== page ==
Image Credits: 1, 3, 6, 10: Courtesy of Art Reoriented 2: Courtesy of Galerie Chantal Crousel 4, 5: Courtesy of Thomas Dane Gallery 7: Courtesy of Gallery Sogan & Art 8: Courtesy Gallery Hyundai, Seoul, b: Courtesy of Siren Eun Young Jung, 11: Courtesy of Achim Kukulies 12: Courtesy of Busan Museum of Art
The exhibition Staging Film: the relation of image and space in video art builds on Busan's international reputation as a city of film, and its legacy as the host of one of the most important global film festivals. It seeks to explore the link between films seen in traditional cinema settings, and those that are experienced as an installation within a museum setting. Video art has stripped the fixedness of still images and traditional film collapsing their one point perspective and linear narrative. The exhibition is constructed along two main curatorial axes. The first highlights the literal act of staging through which each of the featured artists conceives and presents their videos within a distinct physical space. The second, a metaphorical one, emphasizes the process by which the artists present their subjects within the films themselves. They achieve this either directly, in referencing theater or set-design, or indirectly, in the way they consciously stage them encouraging the viewer's voyeuristic gaze.
The exhibition comprises 12 seminal video installations by some of today's most accomplished artists. The works are laid out across the space, in a non-chronological order, where each installation is presented in its own distinct environment. The videos are of varying lengths ranging from a 45-second loop to an 85-minute narrative. Each of these prominent works represent a different example of the relationship between the virtual image that the viewer encounters on the projected surface, and the physical space in which the installation is staged. With works that date from the early 1990s until today, the exhibition illustrates how over the past two decades video artists have been appropriating the vernacular of cinematic language. In subverting cinema’s technical and formal characteristics, they have challenged the boundaries of the medium itself, expanding the viewer's experience of form, time and space.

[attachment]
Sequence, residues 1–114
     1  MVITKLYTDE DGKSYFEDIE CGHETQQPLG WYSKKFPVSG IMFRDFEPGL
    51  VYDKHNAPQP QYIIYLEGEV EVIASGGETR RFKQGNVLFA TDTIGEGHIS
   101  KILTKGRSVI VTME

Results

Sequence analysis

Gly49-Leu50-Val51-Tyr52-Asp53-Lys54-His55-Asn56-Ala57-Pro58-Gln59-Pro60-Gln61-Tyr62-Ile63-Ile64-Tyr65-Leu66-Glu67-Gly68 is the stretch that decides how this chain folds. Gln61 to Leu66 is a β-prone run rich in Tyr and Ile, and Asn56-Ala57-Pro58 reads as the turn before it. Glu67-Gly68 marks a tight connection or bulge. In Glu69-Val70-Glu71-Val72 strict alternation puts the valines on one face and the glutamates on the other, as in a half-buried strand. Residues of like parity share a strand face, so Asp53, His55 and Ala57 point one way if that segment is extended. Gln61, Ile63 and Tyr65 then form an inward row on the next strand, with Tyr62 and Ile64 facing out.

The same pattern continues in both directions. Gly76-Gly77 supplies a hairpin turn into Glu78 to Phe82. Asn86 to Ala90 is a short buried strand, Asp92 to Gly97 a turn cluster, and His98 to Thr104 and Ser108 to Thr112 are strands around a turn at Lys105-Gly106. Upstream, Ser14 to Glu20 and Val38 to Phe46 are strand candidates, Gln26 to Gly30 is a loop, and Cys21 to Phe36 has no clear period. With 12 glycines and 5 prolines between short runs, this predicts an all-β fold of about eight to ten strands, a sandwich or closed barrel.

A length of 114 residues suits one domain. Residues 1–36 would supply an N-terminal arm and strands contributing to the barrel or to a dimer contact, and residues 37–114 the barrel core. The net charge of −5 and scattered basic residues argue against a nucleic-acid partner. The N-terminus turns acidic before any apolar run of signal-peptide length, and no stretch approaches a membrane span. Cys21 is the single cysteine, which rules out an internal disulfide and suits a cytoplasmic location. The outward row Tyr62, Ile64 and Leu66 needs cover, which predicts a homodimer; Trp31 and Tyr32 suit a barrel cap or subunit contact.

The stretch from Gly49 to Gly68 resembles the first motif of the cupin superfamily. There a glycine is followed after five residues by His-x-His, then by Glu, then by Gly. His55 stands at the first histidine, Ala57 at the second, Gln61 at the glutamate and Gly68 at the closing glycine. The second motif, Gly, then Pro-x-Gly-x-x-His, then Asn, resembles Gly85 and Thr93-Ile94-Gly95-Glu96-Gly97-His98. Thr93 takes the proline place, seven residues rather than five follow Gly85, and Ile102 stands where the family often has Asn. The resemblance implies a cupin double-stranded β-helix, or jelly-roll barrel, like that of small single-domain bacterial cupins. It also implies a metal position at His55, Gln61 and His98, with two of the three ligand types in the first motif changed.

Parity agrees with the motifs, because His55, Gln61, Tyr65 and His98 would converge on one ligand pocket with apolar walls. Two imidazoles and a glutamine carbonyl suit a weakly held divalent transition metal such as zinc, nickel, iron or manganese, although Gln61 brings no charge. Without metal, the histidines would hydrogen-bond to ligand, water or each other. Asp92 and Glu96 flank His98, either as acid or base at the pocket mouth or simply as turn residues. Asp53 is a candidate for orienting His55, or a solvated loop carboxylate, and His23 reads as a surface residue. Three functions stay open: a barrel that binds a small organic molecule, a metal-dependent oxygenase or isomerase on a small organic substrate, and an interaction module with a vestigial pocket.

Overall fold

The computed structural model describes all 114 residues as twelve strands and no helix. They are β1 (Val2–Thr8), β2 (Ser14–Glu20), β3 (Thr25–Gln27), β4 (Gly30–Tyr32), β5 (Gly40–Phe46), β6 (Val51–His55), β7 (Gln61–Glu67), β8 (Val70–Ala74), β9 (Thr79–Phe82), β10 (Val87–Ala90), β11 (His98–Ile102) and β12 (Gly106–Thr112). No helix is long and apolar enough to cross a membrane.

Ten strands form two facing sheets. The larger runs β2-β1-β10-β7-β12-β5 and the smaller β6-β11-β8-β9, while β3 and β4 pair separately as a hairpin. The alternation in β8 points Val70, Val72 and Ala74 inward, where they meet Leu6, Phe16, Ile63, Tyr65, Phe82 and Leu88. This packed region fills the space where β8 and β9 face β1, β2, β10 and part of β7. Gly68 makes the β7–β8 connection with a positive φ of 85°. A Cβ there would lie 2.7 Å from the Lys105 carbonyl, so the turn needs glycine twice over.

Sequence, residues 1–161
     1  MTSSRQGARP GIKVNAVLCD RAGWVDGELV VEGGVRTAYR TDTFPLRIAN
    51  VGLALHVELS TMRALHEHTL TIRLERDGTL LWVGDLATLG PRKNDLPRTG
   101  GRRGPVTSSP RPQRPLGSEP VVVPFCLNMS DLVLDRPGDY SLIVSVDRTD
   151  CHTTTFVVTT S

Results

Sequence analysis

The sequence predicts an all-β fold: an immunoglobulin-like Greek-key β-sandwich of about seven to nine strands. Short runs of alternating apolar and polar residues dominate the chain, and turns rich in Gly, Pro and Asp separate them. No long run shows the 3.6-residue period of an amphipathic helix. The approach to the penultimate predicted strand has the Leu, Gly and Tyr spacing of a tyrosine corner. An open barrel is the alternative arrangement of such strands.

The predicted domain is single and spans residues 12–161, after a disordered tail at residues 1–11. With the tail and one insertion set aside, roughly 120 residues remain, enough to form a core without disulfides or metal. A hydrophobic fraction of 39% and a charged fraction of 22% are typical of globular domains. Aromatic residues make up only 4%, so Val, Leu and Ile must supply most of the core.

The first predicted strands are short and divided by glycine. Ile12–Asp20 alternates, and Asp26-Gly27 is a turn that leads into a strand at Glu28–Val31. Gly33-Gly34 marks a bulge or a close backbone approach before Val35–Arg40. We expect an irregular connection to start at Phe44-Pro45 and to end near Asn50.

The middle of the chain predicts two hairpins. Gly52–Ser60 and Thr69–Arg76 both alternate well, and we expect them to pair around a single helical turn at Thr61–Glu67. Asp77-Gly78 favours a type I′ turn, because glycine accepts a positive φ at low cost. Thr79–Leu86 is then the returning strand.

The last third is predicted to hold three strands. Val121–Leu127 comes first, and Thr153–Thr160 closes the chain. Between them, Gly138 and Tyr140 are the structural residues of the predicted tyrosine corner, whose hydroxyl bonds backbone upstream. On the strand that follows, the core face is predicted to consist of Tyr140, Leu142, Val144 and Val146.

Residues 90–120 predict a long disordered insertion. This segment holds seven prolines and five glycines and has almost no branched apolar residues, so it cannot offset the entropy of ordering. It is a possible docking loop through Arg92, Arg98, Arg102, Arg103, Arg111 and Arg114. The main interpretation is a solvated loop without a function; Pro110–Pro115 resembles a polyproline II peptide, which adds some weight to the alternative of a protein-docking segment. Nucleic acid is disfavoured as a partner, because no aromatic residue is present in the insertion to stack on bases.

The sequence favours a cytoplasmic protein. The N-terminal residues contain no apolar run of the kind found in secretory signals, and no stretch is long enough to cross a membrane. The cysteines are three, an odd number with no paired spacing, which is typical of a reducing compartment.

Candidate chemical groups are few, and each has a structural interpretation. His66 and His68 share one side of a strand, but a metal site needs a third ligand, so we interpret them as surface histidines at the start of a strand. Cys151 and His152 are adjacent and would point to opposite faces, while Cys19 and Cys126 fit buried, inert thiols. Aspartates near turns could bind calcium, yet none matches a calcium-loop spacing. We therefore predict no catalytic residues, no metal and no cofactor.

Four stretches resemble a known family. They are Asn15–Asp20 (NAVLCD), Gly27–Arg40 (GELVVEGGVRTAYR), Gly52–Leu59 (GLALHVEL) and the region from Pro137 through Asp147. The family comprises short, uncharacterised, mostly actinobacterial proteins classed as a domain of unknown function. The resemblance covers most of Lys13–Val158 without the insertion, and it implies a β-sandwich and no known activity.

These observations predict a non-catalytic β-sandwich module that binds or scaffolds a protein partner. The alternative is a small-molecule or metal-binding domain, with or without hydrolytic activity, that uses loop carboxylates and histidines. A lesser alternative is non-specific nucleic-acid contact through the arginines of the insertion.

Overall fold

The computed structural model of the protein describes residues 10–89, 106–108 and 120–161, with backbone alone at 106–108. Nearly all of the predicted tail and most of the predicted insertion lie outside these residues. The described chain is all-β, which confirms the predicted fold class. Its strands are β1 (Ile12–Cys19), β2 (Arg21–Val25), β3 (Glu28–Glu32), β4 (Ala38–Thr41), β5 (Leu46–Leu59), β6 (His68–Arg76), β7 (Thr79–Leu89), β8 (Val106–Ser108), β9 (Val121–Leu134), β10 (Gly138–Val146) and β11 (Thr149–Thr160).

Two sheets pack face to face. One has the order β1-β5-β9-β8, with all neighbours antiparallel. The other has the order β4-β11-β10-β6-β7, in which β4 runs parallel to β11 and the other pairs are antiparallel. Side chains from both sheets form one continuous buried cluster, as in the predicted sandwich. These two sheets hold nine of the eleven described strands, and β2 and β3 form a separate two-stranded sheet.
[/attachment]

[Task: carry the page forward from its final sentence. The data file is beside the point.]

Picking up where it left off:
Anri Sala, Bill Viola, Hans Op de Beeck, Hassan Khan, Mikhail Karikis, Moon Kyungwon & Jeon Joonho, Paul Pfeiffer, Sarah Choo Jing, Shirin Neshat, Siren Eun Young Jung, Steve McQueen and Wu Tsang.